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The Age of the Fidayeen: Terror's New Tactic

As the physical and psychological trauma of the Mumbai attacks continues to settle in, the Indian media is beginning to refer to the incident as their "9/11'.  Mumbai, and the region at large, are no stranger to terrorist activity. In fact, coordinated bombings in 1993 and 2006 both had higher death counts than the events that played out over the past few days.  Casualties aside, the most recent attacks ,much like 9/11- represent a sea change in terrorist activity across the region, and probably the globe.  The 1980s and 1990s witnessed a rise of attacks on government sites and commercial aircraft.  The early 2000s saw a dramatic wave of suicide bombers.  Now, we are entering the next phase of terrorism, the age of the Fidayeen.


Terrorist methodology comes in successive patterns, often triggered by a singular successful campaign and then mimicked by less-organized copycats.  In the latter part of the 20th century, Islamic extremists kick started the age of terrorism with the bombings of the US Marine barracks in Lebanon. The year was 1983, 241 Marines were killed.  Two years later, a bomb aboard Indian Air Flight 182 detonated killing 329 people.  The years that followed were punctuated with similar attacks: ten large scale assaults on government property and five major commercial aircraft bombings.  This epoch of jihadi warfare ended in 2001, culminating with the attacks of September 11th.  The subsequent wars in Afghanistan and Iraq ushered in the era of the suicide bomber.  Of the approximately 2000 estimated suicide bombings launched since the attack on the Marine barracks 25 years ago, nearly 90% have occurred after 2001.   These periods of historical terrorism are in no way concrete, but patterns are clearly identifiable.  Each age was initiated by a singular terrorist catalyst that acted as a watershed for future attacks. Mumbai is such a moment.  As 2008 saw the decline of the suicide bomber, 2009 will witness the rise of the Fidayeen.


Fidayeen attacks, while ultimately acts of suicide are distinct from the contemporary "suicide bomber'.  Militants armed with ammunition, weaponry, and small-scale explosives infiltrate their targets (often military bases or civilian institutions) and begin to open fire.  The attacks continue until the militants run out of ammunition or are killed by security personnel.  Escape is possible, and has occurred, but is unlikely and often accidental.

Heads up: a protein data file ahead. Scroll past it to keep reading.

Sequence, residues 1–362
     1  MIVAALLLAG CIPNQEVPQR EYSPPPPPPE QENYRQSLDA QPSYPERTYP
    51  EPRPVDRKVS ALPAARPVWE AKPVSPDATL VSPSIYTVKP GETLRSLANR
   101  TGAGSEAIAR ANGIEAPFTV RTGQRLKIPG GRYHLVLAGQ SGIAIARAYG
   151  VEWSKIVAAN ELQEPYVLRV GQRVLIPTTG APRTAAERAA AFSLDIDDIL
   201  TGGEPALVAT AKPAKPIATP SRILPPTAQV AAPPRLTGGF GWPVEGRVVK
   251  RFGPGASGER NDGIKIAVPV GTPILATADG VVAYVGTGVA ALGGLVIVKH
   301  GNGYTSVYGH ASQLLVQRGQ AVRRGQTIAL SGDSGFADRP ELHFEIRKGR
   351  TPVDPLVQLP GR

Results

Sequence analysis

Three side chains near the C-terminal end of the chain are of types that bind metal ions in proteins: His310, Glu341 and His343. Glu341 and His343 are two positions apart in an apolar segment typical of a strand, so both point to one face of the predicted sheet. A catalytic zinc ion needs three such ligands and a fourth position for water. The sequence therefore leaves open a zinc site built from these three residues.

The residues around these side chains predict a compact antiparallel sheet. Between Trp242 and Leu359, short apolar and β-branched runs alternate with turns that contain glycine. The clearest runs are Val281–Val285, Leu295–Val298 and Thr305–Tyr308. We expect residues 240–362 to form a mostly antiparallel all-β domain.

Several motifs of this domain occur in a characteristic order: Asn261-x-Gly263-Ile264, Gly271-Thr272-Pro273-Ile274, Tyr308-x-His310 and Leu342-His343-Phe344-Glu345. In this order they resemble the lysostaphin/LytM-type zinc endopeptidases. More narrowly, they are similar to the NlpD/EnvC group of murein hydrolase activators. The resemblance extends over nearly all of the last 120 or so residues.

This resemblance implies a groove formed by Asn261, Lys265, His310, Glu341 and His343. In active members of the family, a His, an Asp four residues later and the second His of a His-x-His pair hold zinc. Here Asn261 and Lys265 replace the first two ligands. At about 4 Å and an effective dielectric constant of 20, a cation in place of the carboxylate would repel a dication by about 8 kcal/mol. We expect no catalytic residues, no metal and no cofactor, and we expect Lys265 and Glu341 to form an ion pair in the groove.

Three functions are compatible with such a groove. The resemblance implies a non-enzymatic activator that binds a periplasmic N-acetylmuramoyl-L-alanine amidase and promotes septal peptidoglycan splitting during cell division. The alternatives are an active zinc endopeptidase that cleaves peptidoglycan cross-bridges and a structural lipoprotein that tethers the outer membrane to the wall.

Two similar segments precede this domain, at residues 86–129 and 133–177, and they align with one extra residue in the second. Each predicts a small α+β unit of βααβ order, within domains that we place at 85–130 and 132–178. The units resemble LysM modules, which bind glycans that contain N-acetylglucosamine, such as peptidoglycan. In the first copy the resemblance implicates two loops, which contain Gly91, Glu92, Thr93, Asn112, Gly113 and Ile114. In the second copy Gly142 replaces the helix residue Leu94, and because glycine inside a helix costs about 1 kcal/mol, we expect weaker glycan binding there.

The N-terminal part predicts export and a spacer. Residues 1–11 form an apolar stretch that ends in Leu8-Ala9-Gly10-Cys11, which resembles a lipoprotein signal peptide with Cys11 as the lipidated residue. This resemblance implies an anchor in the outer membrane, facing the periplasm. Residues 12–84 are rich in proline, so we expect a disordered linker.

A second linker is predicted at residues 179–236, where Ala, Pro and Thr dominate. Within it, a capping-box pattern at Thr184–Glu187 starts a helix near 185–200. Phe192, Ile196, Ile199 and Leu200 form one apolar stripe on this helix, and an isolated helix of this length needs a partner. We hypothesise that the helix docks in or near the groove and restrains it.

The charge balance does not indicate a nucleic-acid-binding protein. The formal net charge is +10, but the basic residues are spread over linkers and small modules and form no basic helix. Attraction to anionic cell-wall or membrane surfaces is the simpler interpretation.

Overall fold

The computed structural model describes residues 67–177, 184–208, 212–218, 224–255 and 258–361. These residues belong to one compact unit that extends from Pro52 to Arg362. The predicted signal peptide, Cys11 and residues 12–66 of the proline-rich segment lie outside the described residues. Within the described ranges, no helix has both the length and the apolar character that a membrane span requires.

Historically, fidayeen ("Death-Defying" or "Commando") squads were introduced by Pakistani radical organizations funneling weapons and personnel in to Kashmir during the 1990s.  It was the preferred method of Lashkar-E-Toiba, a Karachi-based extremist group blamed for attacks across the subcontinent.      


This type of terrorist activity, exemplified by recent events in Mumbai, will likely become the preferred method of violence in the coming years for several key reasons:


Increased Recruitment:  The possibility of survival, repeat attacks, as well as a prolonged engagement with the enemy makes recruiting for fidayeen cadres far easier than more conventional suicide missions.  As more and more terror organizations face a shortage of suicide bombers, highlighted by the increased use of women and the mentally handicapped, they will begin to rely on fidayeen fighters as their primary method of assault.


Cost and Availability:  Guns are cheap, particularly in regions prone to terror activity.  Not only are they inexpensive, they are available.  The same is true for grenades and small-scale explosives.  Whereas large, al-Qaeda inspired attacks demand the use of hazardous materials and rare chemicals, Fidayeen strikes avoid these pitfalls.  In societies where gun ownership is a way of life and weapon caches are often abandoned by military outposts, many fidayeen attackers already possess the weapons with which they execute their plots.